Unfortunately, we have some bad news – you are never going to hit the ball completely straight off the tee, time after time. It just isn’t possible. Due to the dynamics of this game, the ball is naturally going to curve, at least a little bit. And that’s okay. The key isn’t necessarily to stop the ball from curving, but rather to be able to control and predict that curve successfully. As long as you know which way the ball is going to curve, and how much, you can plan accordingly and produce quality shots that keep you moving forward.

The focus of this article is to provide you with tips on how to control the curve of your drives as they fly down the fairway. Of course, as any experienced golfer knows, this is a task which is much easier said than done. Controlling the golf ball is a major challenge with any of your clubs, and that challenge is even greater when hitting long clubs from the tee, like your driver or fairway woods. At the moment, you may be dealing with a nasty slice, or some other shot shape that makes it difficult for you to reach your goals on the links. If that is the case, don’t give up hope. By putting in some hard work during practice, and by focusing on the right things during those practice sessions, you may be able to gain control over your drives sooner than you think.

All of the content below has been written from the perspective of a right-handed golfer. If you happen to play left-handed, please take a moment to reverse the directions as necessary.

Three Basic Problems Related to Curving Drives

Three Basic Problems Related to Curving Drives

You are inevitably going to run into trouble on the golf course when your drives curve dramatically in one direction or the other. If you aren’t sure that this is actually a problem, just take a look at the golf you see the professionals playing on TV as proof. Do those players hit shots that curve wildly from one side of the hole to the other? Rarely. More often than not, they are playing shots which travel relatively straight, while turning just a bit to the right or left as they fly. This is the kind of shot you should strive to master if you would like to take a step forward in your game.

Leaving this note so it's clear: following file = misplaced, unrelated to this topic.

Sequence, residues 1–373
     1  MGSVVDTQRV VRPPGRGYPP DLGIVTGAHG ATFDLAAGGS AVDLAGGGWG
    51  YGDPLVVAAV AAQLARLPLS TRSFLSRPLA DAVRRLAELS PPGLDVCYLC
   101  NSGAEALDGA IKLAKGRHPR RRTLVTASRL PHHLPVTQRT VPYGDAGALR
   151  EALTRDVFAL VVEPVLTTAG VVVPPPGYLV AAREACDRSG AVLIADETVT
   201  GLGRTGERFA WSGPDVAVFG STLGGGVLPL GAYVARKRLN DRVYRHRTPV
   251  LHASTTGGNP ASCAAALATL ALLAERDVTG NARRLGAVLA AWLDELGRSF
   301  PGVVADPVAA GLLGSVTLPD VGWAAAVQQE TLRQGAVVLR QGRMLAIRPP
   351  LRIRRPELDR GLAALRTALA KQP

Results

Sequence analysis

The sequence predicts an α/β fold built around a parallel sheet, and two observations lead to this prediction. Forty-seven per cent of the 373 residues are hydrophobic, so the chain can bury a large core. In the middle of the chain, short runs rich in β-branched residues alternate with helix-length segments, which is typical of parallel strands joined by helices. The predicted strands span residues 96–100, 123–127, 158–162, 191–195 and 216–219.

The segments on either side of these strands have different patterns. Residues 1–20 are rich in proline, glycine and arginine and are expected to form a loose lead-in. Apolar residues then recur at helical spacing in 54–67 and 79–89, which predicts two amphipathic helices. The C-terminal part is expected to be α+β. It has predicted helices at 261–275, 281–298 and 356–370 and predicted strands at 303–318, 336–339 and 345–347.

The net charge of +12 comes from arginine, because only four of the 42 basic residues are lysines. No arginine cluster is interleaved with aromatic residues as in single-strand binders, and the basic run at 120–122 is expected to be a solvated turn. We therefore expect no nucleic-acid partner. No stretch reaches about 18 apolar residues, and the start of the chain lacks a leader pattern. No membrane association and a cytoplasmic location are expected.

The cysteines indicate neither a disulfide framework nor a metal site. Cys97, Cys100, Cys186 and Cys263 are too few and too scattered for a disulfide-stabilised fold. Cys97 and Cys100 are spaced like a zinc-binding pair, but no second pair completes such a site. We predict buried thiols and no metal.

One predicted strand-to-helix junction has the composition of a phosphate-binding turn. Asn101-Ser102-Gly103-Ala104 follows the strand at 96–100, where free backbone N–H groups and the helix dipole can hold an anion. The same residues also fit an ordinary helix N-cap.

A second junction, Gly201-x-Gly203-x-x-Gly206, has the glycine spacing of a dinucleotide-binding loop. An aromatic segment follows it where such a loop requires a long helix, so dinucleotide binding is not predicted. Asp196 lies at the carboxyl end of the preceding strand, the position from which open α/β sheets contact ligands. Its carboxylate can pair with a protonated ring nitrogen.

So, what is so troublesome about curving your tee shots significantly to the right or left? Let’s take a look at the three main problems.

  • Difficulty hitting the fairway. This one probably goes without saying, but it is going to be quite hard to consistently hit fairways when the ball is hooking or slicing as it flies. Of course, that is not to say that it will be impossible to hit fairways – you may be able to judge your curve just right from time to time, allowing the ball to come to rest on the short grass. That should not have to be your plan on every tee shot, however, as consistency will be nearly impossible to achieve. Golf is a much more manageable game when played from the fairway, and you should be able to find quite a few more fairways if you can straighten out your ball flight in the near future.
  • Loss of distance. No one likes to give up distance unnecessarily in this game. Most golfers work hard for every single yard they are able to produce, so it would be a shame to give some of those yards away just because your tee shots are curving too much. When the ball curves, some of the energy that could have been used to take it farther down the fairway is being used to move it from side to side. That’s simply a waste, and it is going to mean a shorter overall drive when the ball comes to rest. The curve is not particularly harmful when it is a fade or draw of just a few yards, but it can rob you of significant distance when we are talking about a full-fledged hook or slice. For many golfers, the path toward longer drives doesn’t actually go through improved swing speed at all. Rather, the average golfer will be able to find longer drives simply by hitting straighter shots.